Linked by Michael Hall on Thu 15th Jul 2004 07:35 UTC
Slackware, Slax My first experience with Slackware Linux came with version 9.1, after 4 years of using various versions of Red Hat and SUSE Linux. I disliked the general direction these distributions were moving in and didn't see their increasing focus on the "big end of town" as auguring well for either myself or clients of my small one-person IT consultancy business. I quickly became a Slackware convert and have since used it exclusively for all my server deployments. Check in for more and 15 screenshots from Slackware 10.
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docs and updating slack
by johnMG on Fri 16th Jul 2004 05:40 UTC

When I first tried Slack, I was disappointed that the docs on the official Slackware site seemed incomplete and a bit out of date.

Although I'm not currently now a Slacker, I think a point to remember about Slackware is that -- thanks to its simplicity -- it exposes the deficiencies (or strengths) in the underlying components of the system. That is to say, if software package X has lousy docs and a complex config file, then that's just what the maintainers of program X have provided. If you don't like it, consider contributing to the efforts of the good folks who work on developing program X.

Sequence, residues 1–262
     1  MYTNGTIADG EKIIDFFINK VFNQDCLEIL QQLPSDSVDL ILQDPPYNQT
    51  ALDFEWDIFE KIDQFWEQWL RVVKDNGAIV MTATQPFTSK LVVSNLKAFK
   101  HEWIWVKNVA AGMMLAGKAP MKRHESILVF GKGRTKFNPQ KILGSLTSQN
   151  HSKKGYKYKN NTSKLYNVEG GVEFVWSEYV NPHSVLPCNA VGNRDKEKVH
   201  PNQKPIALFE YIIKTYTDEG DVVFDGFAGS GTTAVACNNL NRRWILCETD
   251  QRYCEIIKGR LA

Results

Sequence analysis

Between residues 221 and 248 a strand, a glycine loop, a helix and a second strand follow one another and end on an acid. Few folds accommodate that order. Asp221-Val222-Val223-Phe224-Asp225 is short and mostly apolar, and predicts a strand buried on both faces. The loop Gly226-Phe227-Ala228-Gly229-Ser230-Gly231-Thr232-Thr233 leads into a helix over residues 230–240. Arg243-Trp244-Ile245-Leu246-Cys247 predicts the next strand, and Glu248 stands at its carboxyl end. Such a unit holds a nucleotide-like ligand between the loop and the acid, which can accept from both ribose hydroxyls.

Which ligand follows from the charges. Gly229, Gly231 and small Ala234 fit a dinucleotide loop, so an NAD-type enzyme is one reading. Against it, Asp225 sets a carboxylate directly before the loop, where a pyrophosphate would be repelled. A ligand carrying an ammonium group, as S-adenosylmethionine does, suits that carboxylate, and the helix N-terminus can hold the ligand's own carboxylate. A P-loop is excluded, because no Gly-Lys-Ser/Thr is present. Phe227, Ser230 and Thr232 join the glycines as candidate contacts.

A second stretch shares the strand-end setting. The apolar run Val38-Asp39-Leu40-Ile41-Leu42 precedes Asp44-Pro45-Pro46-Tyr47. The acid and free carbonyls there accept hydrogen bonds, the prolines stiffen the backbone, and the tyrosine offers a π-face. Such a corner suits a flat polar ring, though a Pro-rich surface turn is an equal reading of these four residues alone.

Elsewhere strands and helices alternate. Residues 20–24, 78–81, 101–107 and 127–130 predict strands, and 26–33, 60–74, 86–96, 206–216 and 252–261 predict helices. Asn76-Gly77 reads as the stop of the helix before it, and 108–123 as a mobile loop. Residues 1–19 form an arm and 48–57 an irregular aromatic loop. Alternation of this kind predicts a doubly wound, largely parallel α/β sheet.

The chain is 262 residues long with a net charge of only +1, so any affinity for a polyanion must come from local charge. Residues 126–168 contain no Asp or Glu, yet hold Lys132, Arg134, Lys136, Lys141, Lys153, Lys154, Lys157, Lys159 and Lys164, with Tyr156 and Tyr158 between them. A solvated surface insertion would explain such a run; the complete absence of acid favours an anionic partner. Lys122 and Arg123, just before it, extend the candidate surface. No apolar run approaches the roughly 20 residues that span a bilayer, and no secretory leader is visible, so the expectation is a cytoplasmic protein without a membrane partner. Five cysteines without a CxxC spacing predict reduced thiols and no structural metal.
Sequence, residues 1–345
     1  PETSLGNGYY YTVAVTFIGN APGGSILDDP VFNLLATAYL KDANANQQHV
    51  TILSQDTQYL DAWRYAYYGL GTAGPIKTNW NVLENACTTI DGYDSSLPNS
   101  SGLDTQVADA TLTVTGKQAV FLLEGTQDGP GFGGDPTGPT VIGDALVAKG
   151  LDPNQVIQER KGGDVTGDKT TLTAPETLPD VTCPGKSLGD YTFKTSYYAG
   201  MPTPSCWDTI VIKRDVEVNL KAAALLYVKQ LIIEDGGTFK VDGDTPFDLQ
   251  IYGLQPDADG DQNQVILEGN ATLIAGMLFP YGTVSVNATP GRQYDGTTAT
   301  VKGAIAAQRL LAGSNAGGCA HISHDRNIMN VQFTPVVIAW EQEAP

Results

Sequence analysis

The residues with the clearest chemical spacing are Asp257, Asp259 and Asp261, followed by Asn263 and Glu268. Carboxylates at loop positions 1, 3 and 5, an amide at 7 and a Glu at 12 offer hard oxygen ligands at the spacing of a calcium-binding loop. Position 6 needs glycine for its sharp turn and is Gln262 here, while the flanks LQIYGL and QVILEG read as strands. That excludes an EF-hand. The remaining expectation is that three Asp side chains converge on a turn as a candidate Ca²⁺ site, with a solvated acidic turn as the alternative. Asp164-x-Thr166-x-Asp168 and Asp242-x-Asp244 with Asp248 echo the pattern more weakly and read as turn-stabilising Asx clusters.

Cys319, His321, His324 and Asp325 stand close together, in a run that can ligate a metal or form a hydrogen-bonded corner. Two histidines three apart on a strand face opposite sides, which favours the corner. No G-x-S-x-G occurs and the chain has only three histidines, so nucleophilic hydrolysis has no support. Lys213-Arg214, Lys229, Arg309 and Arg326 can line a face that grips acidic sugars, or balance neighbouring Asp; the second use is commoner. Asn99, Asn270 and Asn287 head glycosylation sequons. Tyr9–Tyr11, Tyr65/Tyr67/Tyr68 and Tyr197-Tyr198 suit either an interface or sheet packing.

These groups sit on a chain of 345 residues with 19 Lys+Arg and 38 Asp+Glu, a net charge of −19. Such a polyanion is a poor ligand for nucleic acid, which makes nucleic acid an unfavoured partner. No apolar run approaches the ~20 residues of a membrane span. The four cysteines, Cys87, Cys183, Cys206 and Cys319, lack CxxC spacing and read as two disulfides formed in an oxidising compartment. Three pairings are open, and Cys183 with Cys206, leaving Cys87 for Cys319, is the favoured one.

That's important because it puts the responsibility of a quality user interface on the actual folks who are developing the software. This is good for the community, as it makes software better for all of us.

Debian worked *great* for me in the past (as a desktop), until something went wrong -- then I was up the creek with a very difficult-to-figure-out paddle. I'm sorry, it was a long time ago, and I can't recall exactly what problems I had with it, but I recall that fixing it involved using some of the more esoteric features of the dpkg or apt tools. At that point, you begin to wonder, "maybe it would be easier if I just learned how to install and config the software by-hand myself?"

I suppose this is different in a large enterprise setting.

A question about Slackware: when you've got version n.3 of some piece of software installed, and version n.3.1 is released (say it's a security fix), what's the standard and smooth way of upgrading while still keeping your old configuration? (Assuming the fix *just* came out, so there's no binary package available yet, and you don't want to wait. ;)